Those crazy kids at the University of South Florida are at it again -- they've given us 'intelligent' scarecrows
and engaged an RFID network
in the fight against Alzheimer's, and now they're doing some rather interesting work with the Brain-Computer Interface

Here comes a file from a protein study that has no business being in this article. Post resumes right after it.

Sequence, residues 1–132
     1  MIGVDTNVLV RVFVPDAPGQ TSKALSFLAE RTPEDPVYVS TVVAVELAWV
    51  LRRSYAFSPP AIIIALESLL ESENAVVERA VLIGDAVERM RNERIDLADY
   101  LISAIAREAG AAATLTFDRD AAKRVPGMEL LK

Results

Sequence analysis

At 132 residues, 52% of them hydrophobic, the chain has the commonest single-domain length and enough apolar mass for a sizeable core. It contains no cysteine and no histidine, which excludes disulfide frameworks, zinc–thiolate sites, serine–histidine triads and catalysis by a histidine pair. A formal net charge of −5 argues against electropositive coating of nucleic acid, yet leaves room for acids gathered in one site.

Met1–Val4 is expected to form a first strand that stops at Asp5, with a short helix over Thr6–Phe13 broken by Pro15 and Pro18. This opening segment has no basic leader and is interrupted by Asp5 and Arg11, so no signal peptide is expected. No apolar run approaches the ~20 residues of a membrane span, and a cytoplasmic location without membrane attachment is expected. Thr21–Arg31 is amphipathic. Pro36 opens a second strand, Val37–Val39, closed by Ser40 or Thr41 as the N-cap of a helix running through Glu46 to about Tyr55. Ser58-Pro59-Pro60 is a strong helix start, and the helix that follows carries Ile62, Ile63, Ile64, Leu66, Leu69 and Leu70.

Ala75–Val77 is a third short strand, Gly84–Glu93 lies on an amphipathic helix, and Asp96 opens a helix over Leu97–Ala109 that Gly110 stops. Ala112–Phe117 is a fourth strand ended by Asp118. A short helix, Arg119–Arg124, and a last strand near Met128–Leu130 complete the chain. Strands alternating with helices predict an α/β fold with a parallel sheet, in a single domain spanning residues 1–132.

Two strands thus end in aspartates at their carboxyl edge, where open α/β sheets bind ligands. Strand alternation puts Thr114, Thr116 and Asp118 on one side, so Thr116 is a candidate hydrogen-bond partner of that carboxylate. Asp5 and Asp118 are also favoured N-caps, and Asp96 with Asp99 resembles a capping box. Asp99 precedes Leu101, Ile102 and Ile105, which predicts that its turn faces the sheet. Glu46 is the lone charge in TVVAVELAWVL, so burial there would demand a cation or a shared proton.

(BCI). The device uses an electrode-covered head cap to capture P-300 brainwave responses and convert them into action, such as "typing" or manipulating a robotic finger. The team has developed a motorized "smart wheelchair" that allows users to pilot the chair and even control a robotic arm without any physical movement whatsoever. USF researchers say that this will be a great help not only for those with special needs, but also for the extremely lazy.